His explanation started with the fact that many French soldiers were killed trying to protect the Maginot Line, so when the Germans invaded, France essentially was defenseless because most of their army had already been decimated. From there he rationalized that the average French civilian was just trying to live his or her life without conflicts. Sure they were not pleased with the idea that Germans had invaded and were occupying their country, put their people under martial law and terrorized them for five years. But, they weren’t soldiers so what were they going to do about it? They kept their heads down and just lived their lives.
Not wanting to get into an argument, Benjy and I just shrugged our shoulders and said, “hmmmm. m’kay.” We were both thinking that the French response to Germany’s invasion would be much different in the U.S. From our perspective, we believe that the average American, especially now, and probably even back then, would not idly stand by and watch his country be invaded and occupied without a bitter fight to the end. Granted the Atlantic and Pacific Oceans provide the U.S with significant obstacles for any invading force to overcome. But my guess would be that if a foreign country tried to invade the U.S. now, even as intensely divided as its people currently are, you’d see most everyone including the gangstas in the ‘hood pulling out their 45’s, or whatever they had, in her defense. So, we didn’t buy the whole “we just wanted to get along” logic. Anyway, we’ve had enough tour guides to know to take what they say with a grain of salt.
Getting back to our tour….we stopped at the location depicted in the second episode of Season 1 of Band of Brothers where Easy Company takes out German artillery to enable the D Day invasion forces to land on the Normandy beaches.
The artillery guns are long gone and so are the trenches, but the centuries-old, menacing hedgerows are still there. You can see them on the right side of the photo.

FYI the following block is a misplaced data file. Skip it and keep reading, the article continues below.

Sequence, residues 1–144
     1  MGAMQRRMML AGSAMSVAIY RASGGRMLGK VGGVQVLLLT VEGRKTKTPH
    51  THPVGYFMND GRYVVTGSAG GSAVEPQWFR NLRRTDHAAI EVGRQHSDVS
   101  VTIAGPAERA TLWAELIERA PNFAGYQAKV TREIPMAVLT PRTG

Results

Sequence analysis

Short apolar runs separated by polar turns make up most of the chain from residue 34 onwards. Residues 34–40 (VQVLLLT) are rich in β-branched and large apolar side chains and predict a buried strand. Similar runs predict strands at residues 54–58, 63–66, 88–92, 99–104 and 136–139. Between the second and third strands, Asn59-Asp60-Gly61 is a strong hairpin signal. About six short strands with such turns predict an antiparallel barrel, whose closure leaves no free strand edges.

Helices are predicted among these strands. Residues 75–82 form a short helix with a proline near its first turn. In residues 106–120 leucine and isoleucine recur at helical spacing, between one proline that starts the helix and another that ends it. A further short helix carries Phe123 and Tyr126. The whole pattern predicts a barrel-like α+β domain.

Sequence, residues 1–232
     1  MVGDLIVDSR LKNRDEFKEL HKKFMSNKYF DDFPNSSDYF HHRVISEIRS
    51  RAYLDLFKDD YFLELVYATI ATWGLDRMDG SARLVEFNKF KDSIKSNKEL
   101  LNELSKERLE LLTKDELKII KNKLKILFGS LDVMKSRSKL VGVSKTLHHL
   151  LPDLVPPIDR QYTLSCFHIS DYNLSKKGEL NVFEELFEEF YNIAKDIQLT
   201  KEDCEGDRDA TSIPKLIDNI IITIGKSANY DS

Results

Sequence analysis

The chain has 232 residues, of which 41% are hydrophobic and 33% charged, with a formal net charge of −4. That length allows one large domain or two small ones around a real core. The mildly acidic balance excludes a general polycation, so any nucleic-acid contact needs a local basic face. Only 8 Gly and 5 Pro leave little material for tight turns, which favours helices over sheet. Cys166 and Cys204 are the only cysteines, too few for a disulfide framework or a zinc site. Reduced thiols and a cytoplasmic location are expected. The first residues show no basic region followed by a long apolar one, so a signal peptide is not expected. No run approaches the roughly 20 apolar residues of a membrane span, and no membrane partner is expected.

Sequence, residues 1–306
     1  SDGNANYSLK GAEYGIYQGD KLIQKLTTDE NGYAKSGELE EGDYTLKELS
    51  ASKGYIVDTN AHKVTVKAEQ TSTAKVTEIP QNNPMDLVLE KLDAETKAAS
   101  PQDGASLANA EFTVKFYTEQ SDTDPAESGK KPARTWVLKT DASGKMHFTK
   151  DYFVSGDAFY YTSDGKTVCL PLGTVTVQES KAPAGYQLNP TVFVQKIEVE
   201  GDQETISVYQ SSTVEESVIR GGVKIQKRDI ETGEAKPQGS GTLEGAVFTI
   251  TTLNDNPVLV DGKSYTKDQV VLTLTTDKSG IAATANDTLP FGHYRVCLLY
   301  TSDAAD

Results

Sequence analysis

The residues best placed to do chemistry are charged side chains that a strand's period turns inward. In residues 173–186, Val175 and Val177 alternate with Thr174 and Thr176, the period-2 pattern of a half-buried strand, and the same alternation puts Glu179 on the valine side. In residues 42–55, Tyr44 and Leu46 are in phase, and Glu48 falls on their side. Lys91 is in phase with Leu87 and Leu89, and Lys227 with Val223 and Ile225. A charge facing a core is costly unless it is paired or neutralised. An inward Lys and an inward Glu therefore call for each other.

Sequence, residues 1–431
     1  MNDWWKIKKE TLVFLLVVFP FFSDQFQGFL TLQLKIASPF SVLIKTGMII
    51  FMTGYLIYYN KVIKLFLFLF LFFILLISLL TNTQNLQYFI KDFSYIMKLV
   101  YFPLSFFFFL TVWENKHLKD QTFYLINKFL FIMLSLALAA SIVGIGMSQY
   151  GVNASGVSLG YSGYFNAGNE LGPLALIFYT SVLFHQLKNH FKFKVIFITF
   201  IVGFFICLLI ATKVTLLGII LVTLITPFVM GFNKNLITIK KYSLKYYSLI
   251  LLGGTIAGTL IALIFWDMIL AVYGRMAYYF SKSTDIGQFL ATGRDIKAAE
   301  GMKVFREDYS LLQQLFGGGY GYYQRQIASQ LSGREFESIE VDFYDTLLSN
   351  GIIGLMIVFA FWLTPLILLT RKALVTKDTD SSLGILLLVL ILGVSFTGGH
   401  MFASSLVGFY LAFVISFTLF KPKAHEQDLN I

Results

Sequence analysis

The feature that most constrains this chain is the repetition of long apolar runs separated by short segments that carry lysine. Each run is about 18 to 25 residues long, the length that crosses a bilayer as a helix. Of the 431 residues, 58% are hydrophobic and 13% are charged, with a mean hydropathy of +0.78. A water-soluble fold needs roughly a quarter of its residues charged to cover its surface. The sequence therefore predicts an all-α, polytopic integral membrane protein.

We visited the church in Sainte Mère Église made famous by the movie, “The Longest Day.”
For the benefit of the tourists, a mannequin is kept hanging from the church steeple in remembrance of the paratrooper, John Steele, whose parachute got caught during the D Day invasion. Steele hung there while pretending to be dead as the clanging church bells shuddered through his body for hours. He was a member of the 82nd Airborne Division and not the 101st Airborne.
We visited little chapels that paid homage to the liberating paratroopers.
We also stopped to visit a D Day Museum in Sainte Mère Église. And here is where it got a bit interesting. Our visit to Normandy took place a week before the annual D Day celebrations. While we were at this museum, we happened to be there at the same time as a German paratrooper platoon. We knew they were German because they were all fully dressed in their uniforms and they were speaking German.
The museum had an interactive simulation of an American paratrooper platoon jumping on D Day. Somehow, we found ourselves placed in the same group as this German platoon. So, here we were in this simulation surrounded by German soldiers and we first listened to the “Win One for the Gipper” speech given by an American commander. He gave a rousing speech rallying the troops to fight for freedom against the “evil fascist German Warmacht.” If that wasn’t awkward enough, then we climbed inside the belly of a mock C-47 airplane to replicate the actual jump. I snapped a photo of us during this experience.
Yep, here we were among the Krauts during our D Day experience. I have to say that it sort of put a damper on things and I personally felt uncomfortable. I wonder if they felt awkward, too? I don’t know how we got ourselves into this situation, but I suppose it made the day all the more memorable.